When did you first start writing?
We first started writing when we were really young—our mom used to teach English, so reading and writing was always a part of our lives. We started our first big project when we were nine. It was a fantasy novel about phoenixes and mystical huntresses. 😅😅😅
What made you decide to co-write?
It just sort of happened that way! At first, TDWD was a project among a friend group of about five girls, but eventually everyone either lost interest or stopped working on it until it was just the two of us. I guess we never really considered doing it alone; we already do everything else together. It just felt natural to write and publish as a team.
Is co-writing hard?
Yes and no! On one hand having two people to spread the workload over can be a total lifesaver, and our individual skill sets allow us to get stuff done pretty fast if we put our minds to it. But when we don’t agree on something or get into a fight, it can be really hard to make both of us happy, especially when it comes to the plot and characters.
What is it like working with your sister?
Awesome and terrible all at once. There’s no escaping your writing; we go everywhere together and live in the same house. If we don’t agree on something, it follows us everywhere, and we get into bigger fights than normal writing buddies would since we’re sisters. But it’s also really fun because we think alike and can work on a project alllllll the time without having to worry about scheduling meetings or keeping in touch.
What was the hardest part of publishing as teen authors?
Probably the publishing part itself. Since we self-published, sorting out formatting, getting the books on Amazon/KDP/Kobo, anything like that got super confusing and stressful at times. But that didn’t really have anything to do with the fact that we’re teens—the only setbacks caused by our age were funding, which our dad ended up covering, and balancing writing with school.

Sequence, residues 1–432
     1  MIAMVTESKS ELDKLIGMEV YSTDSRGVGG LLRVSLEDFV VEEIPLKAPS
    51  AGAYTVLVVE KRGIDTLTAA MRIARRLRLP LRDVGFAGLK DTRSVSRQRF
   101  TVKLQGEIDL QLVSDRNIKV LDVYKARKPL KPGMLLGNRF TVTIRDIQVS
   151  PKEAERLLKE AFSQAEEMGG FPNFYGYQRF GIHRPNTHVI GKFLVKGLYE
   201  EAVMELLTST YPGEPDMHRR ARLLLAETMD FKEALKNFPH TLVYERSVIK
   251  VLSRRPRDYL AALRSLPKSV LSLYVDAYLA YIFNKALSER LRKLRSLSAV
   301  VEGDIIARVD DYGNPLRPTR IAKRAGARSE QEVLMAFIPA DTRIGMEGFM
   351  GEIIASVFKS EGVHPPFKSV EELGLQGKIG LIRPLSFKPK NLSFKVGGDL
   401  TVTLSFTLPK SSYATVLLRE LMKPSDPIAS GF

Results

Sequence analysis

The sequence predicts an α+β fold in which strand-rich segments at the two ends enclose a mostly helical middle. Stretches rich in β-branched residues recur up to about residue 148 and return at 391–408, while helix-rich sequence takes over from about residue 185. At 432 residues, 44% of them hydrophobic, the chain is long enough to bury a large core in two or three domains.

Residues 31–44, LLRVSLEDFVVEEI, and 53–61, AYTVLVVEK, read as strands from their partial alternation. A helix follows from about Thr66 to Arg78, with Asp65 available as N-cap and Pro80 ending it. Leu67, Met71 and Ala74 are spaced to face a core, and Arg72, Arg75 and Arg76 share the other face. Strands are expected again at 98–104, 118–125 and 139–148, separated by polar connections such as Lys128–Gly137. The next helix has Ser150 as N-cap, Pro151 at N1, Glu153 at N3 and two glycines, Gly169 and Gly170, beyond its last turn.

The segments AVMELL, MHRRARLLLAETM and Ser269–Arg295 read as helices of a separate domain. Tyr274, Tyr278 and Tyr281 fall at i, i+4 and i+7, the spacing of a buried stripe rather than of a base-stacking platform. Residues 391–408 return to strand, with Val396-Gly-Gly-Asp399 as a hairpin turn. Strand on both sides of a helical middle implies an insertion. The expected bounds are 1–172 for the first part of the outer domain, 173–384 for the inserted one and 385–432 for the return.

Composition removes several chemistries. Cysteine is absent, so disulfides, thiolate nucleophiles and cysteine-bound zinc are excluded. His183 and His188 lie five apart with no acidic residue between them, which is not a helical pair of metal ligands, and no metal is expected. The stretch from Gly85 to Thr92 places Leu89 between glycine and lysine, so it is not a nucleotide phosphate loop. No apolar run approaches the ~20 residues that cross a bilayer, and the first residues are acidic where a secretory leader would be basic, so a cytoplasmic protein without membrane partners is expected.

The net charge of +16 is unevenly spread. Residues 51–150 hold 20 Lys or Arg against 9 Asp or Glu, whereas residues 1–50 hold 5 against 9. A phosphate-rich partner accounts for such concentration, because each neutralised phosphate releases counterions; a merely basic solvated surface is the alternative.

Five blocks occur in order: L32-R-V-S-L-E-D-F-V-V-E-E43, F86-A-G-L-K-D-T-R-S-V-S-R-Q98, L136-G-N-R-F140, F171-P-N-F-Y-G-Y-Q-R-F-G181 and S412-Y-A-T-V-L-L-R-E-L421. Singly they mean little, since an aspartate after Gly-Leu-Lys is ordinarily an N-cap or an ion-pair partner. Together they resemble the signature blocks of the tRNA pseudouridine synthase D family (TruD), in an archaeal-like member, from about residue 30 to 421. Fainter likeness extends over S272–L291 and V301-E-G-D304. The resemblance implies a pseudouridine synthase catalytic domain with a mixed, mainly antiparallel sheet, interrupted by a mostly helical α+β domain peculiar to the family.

Who does what in the co-writing process?
Maya writes the initial draft, creates characters, and fills out a basic plot line. Then, Sofie comes through with a round of edits, Maya checks them over, and then we work together solving beta reader comments and editor feedback. Sofie also manages our social media, communications, and most of the publishing process.
Who is your favorite character in The Day We Die?
Ahh so hard to choose! Hunter holds a special place in my heart, just because he’s so lovable and sweet. But I also love Don and how there are more complex layers of truth behind what makes him who he is—as you’ll see in our new novella, Bluebird.
Don’t make me pick, I love them all so much! If I had to choose I would probably pick Hunter, or maybe Tessa. Hunter is just so kind and loveable it’s impossible for me not to be obsessed. Tessa is totally different. She really struggles with understanding herself, but the way she pushes through throughout all the bad stuff in her life and devotes herself to everyone around her is really inspiring.
What was your favorite scene to write?
Without spoiling anything, my favorite scene to write/edit was probably when Hunter revealed his secret to Tessa. The emotional rollercoaster and ticking clock as time ran out for the expirees combined to make a scene that was powerful to both write and read.
That’s really hard, too, because as the author, the flaws in every scene jump out at me so much. I love the ending; it was really fun to finally wrap everything up and let Tessa’s crazy emotions take over. The last few chapters came really easily to me because the characters just kind of led us through the plot—I barely had to try, and I think the results are pretty good!
What inspired you to write this story?
This book was, in short, inspired by a surge of unwavering fangirlism and motivation. After reading a few dystopian novels, our sixth grade selves became inspired to create our own novel that blended together all our favorite aspects of a good story, with characters that were equally incredible to the ones we loved so much. Motivation to continue this story and someday share it with the world pushed us forwards, even at the most frustrating times, and got us to where we are today.